Vascular Plants of North Carolina
Account for Tall Goldenrod - Solidago altissima   L.
Members of Asteraceae:
Members of Solidago with account distribution info or public map:
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Section 6 » Order Asterales » Family Asteraceae
DistributionThroughout the state, including the Outer Banks. Taxon editors do not recognize var. pluricephala (which see); we simply treat the species in NC as having no varieties.

N.S. to Sask., south to northern GA, AR, and OK.
AbundanceGenerally abundant across the state, perhaps slightly less so in the far northeastern corner of the state. One of the most numerous native dicot species in the state.
HabitatDry to mesic to moist fields, meadows, woodland and forest clearings, clearcuts, powerlines, roadsides. Can be the dominant plant a few years after abandonment of a clearing/cropland.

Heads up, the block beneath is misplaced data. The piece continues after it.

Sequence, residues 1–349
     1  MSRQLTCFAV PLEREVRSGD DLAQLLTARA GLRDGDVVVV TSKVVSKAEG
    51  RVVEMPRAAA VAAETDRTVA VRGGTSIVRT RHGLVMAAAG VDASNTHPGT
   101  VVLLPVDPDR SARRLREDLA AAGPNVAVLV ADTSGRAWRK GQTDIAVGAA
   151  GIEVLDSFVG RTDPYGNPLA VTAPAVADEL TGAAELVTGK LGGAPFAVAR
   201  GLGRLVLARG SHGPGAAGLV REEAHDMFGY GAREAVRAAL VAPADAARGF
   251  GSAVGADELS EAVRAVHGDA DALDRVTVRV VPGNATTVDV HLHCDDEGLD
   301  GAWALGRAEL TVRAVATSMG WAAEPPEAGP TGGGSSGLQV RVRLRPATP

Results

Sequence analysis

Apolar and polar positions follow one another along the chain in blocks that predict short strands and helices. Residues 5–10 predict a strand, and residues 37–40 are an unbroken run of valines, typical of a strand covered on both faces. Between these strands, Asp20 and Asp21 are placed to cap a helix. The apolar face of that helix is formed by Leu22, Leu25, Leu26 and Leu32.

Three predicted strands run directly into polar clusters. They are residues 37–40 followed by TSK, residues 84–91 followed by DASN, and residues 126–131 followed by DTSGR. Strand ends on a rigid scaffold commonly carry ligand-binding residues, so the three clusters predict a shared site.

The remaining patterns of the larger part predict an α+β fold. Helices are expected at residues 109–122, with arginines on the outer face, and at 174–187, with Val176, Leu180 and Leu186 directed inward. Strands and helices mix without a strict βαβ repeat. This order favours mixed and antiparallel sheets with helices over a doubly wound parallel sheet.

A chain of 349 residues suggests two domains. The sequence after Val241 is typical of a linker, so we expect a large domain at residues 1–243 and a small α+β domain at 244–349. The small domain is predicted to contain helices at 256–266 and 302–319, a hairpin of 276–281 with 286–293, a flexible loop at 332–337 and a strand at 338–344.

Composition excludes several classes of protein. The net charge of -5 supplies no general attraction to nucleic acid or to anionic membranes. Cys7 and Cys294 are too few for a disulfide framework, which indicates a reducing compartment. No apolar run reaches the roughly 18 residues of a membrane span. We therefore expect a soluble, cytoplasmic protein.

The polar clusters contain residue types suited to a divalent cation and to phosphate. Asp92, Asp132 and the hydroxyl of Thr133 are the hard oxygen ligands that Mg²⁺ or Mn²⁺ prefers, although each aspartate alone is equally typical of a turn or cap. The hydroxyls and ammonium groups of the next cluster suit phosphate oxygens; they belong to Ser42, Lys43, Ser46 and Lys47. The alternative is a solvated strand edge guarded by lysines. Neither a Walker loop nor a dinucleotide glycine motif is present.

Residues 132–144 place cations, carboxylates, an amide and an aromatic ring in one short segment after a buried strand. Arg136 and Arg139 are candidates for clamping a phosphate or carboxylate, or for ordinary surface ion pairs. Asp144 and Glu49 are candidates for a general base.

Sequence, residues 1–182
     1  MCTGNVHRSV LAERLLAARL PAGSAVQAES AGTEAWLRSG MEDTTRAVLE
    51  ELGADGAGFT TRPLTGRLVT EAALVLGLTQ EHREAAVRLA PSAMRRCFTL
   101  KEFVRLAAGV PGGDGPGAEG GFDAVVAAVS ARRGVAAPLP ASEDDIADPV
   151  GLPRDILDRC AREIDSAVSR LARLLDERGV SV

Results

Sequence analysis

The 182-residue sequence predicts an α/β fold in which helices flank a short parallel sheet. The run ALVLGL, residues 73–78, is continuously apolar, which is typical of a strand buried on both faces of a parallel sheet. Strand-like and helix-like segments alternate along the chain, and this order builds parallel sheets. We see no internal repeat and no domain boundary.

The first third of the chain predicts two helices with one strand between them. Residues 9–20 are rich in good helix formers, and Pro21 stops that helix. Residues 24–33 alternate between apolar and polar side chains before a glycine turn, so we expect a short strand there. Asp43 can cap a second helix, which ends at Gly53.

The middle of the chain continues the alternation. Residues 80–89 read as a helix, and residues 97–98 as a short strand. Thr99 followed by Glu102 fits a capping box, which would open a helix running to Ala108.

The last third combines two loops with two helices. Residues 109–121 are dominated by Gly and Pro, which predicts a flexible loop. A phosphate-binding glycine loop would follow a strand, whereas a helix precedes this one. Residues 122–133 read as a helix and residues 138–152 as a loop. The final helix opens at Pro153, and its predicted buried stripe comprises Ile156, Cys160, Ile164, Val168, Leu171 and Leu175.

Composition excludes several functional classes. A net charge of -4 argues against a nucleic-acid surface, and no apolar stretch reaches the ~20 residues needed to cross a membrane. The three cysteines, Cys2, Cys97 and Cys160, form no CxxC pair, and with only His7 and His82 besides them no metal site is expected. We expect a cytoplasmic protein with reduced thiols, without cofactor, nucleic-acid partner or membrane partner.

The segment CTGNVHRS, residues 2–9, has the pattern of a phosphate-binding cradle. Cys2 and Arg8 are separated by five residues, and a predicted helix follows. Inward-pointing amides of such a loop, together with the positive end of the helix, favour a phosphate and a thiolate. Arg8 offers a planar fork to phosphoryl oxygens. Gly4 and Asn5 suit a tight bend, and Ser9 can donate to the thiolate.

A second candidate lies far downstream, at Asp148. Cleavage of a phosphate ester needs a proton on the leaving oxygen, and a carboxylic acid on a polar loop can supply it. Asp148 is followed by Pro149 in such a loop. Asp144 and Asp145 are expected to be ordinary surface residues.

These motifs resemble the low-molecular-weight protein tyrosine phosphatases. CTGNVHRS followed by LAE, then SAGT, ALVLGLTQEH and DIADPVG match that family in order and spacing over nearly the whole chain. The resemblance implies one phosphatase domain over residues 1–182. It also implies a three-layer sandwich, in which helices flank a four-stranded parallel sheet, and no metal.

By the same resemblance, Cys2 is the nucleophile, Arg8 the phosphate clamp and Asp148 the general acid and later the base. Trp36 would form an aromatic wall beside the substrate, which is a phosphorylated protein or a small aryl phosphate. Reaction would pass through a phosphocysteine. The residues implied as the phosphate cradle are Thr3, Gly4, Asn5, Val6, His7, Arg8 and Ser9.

PhenologyFlowering and fruiting August-October.
IdentificationTall Goldenrod is among our tallest goldenrod species, and should be familiar to all people. It typically grows to 3-6 feet but can be as much as 7.5 feet. Stems are very leafy, the leaves lance-shape, tapered to a point, and toothed on margins. Stems are hairy; the leaves are very short-hairy beneath and rough above. The inflorescence is typically triangular in outline and tapers to a point; the branches are usually curved. It closely resembles Giant Goldenrod (S. gigantea), but that species has glabrous stems which are also glaucescent (can appear whitish or pinkish in color); that species is essentially restricted to wetlands, though Tall Goldenrod can grow with it in wetlands.
Taxonomic CommentsIn NC the website editors do not recognize any infraspecific taxa at this time (see text for var. pluricephala).

Other Common Name(s)Canada Goldenrod, Late Goldenrod
State RankS5
Global RankG5
State Status
US Status
USACE-agcpFACU link
USACE-empFACU link
County Map - click on a county to view source of record.
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B.A. SorrieMoore County, 2010, moist roadside ditch. MoorePhoto_natural
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